As a musician, the moment of resistance for me is when I am able to float on the stage and explode all my colors right there in my artistry. I always carry a light of hope for that explosion to happen somewhere that will blow my mind away.
And then it happened… I was offered an opportunity to do a music tour in Siberia.
It is such a beautiful thing to see past the front garden of your own lawn to see first-hand what the manicured gardens of another land like Angarsk look like. Or to see what the rich green algae overlaying a foreign body of water like the world’s deepest lake, Lake Baikal. With my blessings on my mind, I got myself together, prepared my wardrobe and music for the ten days that I would be travelling to and around Russia.
The first time I went to Russia was a little bit different because over 16 days, I took ten flights, three super long train and two lengthy car rides to get to and from the ten different cities I had visited. This time around, it would be a five city tour over ten days, with three of the cities being in Siberia.
Every single day of my ten-day trip was memorable from the moment I entered into my gate where I would soon board my Aeroflot flight to Moscow, to the moment I walked back through JFK airport, returning back to the summer that started to bloom in New York.
Here is how the days went.
- Day one –
Three hours of sitting and-a-waiting. I wish that Courtney Milner could have been in my terminal making the time pass faster with her joyous song and dance, to make the wait sweeter than Kool-Aid and ice on a 98.7 Degrees day. But, good thing that I love to read because the book “When Power Meets Potential” by T.D. Jakes kept me occupied until it was time to board my plane.
People talk about binge watching television shows all the time. I never thought I could actually binge watch about four movies back-to-back-to-back without catching a wink of sleep. But I did. All the new movies that pegged my interest streamed on the television positioned right before my passenger seat.
Nine and a half hours later . . .
“We have just landed in Moscow. Please make sure to take all your belongings with you when exiting the plane.”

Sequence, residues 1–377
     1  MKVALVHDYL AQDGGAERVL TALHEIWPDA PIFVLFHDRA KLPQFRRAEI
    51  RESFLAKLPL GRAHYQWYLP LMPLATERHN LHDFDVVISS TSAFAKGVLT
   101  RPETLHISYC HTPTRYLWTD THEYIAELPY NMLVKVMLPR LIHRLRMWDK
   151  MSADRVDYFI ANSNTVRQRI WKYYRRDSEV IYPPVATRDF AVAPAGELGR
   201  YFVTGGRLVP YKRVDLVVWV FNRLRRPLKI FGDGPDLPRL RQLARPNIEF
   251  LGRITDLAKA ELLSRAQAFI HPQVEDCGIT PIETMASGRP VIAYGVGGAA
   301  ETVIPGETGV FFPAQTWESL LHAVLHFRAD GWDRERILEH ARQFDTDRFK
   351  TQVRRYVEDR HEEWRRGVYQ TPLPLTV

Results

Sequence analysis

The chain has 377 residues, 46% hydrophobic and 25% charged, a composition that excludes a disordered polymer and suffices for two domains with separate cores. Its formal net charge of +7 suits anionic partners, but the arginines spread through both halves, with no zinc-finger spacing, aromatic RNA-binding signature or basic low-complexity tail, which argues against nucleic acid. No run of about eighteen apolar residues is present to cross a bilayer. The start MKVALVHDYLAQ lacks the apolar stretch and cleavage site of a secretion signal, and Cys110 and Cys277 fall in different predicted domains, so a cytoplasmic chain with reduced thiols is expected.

- Day Two -
I walked through the Moscow terminal to the next terminal where I would get on another almost five-hour flight heading to Irkutsk.
I had always been told that Siberia was the coldest place in the world that you could ever go. Lucky for me, the temperature that day was in the upper sixties and I was able to be outside with a long sleeved shirt and no coat.
Dr Alex was the pianist of the band, the Doctor Jazz Group, with whom I would be working. He picked me up from the airport to bring me to my cozy hotel room in Irkutsk. About an hour after getting settled in, it was time for our sound check.
Our first performance together would be a few hours after that. We would be performing together with his band at the Concert Hall of the Regional Irkutsk Philharmonic Society as part of the Three-City, Jazz at Baikal Festival Tour.
I always enjoy the fanciful moments of soundcheck time because I get to bond with the band for a minute. I had sent my set list and charts for my song selections prior to getting there so that we’d be able to play with a synchronized grace; especially when it got to my original songs because that mattered to me a lot. We may not speak the same exact language but when we get into music, we just gel like we have known each other for years. It is a great way to also get to know the band members. The good thing about it was that this band and I would be traveling to three different cities together to release our boundless energy through music as a team. We would have the opportunity to learn each other's personalities on and off the stage. We even got to enjoy a bowl of mutton soup together in the midst of our travels. The first soundcheck was the beginning of a union that I'll never forget.